Controversy was generated when Azoff MSG Entertainment took part in a lawsuit against the city of Inglewood in an attempt to stop the construction of a new arena for the Los Angeles Clippers in Inglewood. The new arena would compete directly with The Forum which is owned by The Madison Square Garden Company.[20] Another lawsuit from a local community group was filed to block the construction of the venue in June 2018. Inglewood mayor James Butts suggested that the lawsuit was brought about by "business interests from out-of-state", suggesting that Azoff and the Madison Square Garden Company were using this group to ensure that they don't have a competing arena near by.[21] The attempts to block the arena are similar to the tactics successfully used by the Madison Square Garden Company to stop the construction of the proposed West Side Stadium in New York City in 2005. That proposed stadium would have directly competed with Madison Square Garden.[22] In December 2018, the LA Clippers sued the Madison Square Garden company alleging that they were trying to prevent the construction of a competing arena. [23]

60th Grammy Awards

When the 60th Annual Grammy Awards were held in New York City, Azoff informed former MusiCares Executive VP, Dana Tomarken that the MusiCares Person of the Year tribute to Fleetwood Mac would be held at Radio City Music Hall (which is owned by The Madison Square Garden Company) and not at the Barclays Center (which is operated by AEG). Dana Tomarken had been negotiating a deal to have the MusiCares Person of the Year tribute to Fleetwood Mac to be held at the Barclays Center, but Portnow decided to have it at Radio City Music Hall, without consulting Tomarken. Irving Azoff who heads Azoff MSG Entertainment informed her of this change rather than Portnow consulting her first. Tomarken has since made a claim of wrongful termination.[24]This resulted in cost overruns of up to $8 million for the Grammy Awards in 2018. In May 2018, Portnow announced his resignation as President of The Recording Academy.[25] An independent investigation was also launched to look into Tomarken's allegations.[26]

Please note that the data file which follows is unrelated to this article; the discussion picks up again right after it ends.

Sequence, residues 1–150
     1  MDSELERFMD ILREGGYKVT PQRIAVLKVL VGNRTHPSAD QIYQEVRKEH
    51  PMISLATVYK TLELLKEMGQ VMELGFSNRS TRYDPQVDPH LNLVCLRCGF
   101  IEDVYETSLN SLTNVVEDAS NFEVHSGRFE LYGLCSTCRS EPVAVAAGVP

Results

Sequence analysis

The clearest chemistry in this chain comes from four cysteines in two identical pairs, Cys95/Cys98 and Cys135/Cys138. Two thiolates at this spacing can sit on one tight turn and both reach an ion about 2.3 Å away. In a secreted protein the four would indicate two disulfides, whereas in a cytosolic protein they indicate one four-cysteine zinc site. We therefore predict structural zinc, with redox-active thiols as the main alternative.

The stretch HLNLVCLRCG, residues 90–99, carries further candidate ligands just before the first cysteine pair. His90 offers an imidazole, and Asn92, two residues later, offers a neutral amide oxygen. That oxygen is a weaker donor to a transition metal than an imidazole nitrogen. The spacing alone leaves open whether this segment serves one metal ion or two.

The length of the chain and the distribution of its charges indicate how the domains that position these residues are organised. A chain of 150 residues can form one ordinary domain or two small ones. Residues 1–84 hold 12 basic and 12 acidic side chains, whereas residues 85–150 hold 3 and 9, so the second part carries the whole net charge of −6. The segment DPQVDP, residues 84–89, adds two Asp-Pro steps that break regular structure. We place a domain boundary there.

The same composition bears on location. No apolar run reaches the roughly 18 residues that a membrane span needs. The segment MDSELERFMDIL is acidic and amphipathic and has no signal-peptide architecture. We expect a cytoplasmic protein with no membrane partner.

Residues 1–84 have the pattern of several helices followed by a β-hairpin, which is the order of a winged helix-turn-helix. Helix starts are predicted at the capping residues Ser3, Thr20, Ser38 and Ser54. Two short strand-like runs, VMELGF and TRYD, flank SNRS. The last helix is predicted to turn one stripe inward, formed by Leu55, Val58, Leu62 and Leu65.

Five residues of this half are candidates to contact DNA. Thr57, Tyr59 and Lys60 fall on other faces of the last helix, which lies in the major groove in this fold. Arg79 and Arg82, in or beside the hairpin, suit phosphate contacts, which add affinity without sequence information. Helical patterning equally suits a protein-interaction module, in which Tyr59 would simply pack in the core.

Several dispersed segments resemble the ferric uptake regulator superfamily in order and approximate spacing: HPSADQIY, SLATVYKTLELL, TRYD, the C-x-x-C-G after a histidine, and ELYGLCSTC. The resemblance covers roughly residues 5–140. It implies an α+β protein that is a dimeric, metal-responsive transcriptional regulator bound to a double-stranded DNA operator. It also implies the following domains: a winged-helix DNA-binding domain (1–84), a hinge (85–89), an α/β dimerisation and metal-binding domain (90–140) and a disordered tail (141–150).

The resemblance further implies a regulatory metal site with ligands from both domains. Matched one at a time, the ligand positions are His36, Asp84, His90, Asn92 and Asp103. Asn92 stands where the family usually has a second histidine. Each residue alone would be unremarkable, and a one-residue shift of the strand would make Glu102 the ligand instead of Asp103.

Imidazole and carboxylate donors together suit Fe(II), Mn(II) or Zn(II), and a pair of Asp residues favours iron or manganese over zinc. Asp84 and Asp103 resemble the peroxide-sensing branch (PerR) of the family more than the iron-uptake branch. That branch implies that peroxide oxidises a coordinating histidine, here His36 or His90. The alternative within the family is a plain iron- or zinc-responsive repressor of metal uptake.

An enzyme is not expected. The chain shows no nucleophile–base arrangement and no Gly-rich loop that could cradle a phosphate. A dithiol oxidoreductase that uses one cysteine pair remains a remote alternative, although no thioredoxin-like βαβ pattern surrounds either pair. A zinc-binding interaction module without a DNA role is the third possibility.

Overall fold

Labels founded by Azoff


  1. ^ a b Andy Fixmer, "Live Nation Chairman Azoff Said to Exit Concert Company", Bloomberg, December 31, 2012.
  2. ^ "Billboard Reveals the 2012 Power 100", Billboard, January 27, 2012.
  3. ^ Gensler, Andy and Halperin, Shirley "Houses of the Holy: Where the Music Biz Celebrates the Jewish High Holidays" [[Billboard (magazine)|]]. September 23, 2014.
  4. ^ E. Scott Reckard, "AZOFF QUITS AS CHAIRMAN OF MCA'S MUSIC UNIT", AP News Archive, September 5, 1989.
  5. ^ See generally Tom King, The Operator: David Geffen Builds, Buys, and Sells the New Hollywood, p. 449-450, Broadway Books (New York 2001).
  6. ^ "Moviefone Filmography".
  7. ^ Nerisha Penrose, [1], Billboard, September 14, 2016,
  8. ^ Ray Waddell, Nashville and Andrew Flanagan, New York, "Irving Azoff and Madison Square Garden Co. Announce $300 Million Joint Venture", Billboard, September 4, 2013.
  9. ^ "Irving Azoff to Serve as Chairman and CEO of Azoff MSG Entertainment LLC", GlobeNewswire, September 4, 2013.
  10. ^ "Billboard Power 100: Irving Azoff", Billboard, January 26, 2012.
  11. ^ Philips, Chuck (June 8, 1994). "Pearl Jam vs. Ticketmaster: Choosing Sides : Legal file: The pop music world is divided over the Seattle band's allegations, which led to a Justice Department investigation into possible anti-competitive practices in the ticket distribution industry". Los Angeles Times. Retrieved July 22, 2012.
  12. ^ Philips, Chuck (June 17, 1995). "COLUMN ONE : The Ticket King's Path to Power : As Pearl Jam just learned, Ticketmaster's Fred Rosen gets what he wants. His tactics have earned him some foes, but even critics admit he has transformed the industry. Now he's eyeing new realms". Los Angeles Times. Retrieved July 22, 2012.
  13. ^ Philips, Chuck (June 9, 1992). "A Tangle Over Tickets : Ticketmaster, Target of Lawsuits, Says It Offers Broad Service". Los Angeles Times. Retrieved November 2, 2014.
  14. ^ Nicholson, Chris V. (December 22, 2009). "British Regulator Supports Live Nation-Ticketmaster Merger". The New York Times.
  15. ^ Branch Jr., Alfred (January 19, 2010). "Ticketmaster / Live Nation merger: 25,000 contact DOJ to oppose the deal". TicketNews. Archived from the original on January 22, 2010. Retrieved January 26, 2010.
  16. ^ Sisario, Ben; Bowley, Graham (April 1, 2018). "Live Nation Rules Music Ticketing, Some Say With Threats". The New York Times. Retrieved December 11, 2018.
  17. ^ Chavez, Danette (April 2, 2018). "DOJ is investigating Live Nation for possible antitrust violations". Retrieved December 11, 2018.
  18. ^ "Read Irving Azoff's Full Response to the Venue Wars Between AEG and MSG". Billboard. Retrieved December 11, 2018.
  19. ^ "Inglewood Mayor Butts Slams Azoff MSG Entertainment Lawsuit". Billboard. Retrieved December 11, 2018.
  20. ^ Chiland, Elijah (June 19, 2018). "Inglewood residents sue to block Clippers arena". Curbed LA. Retrieved December 11, 2018.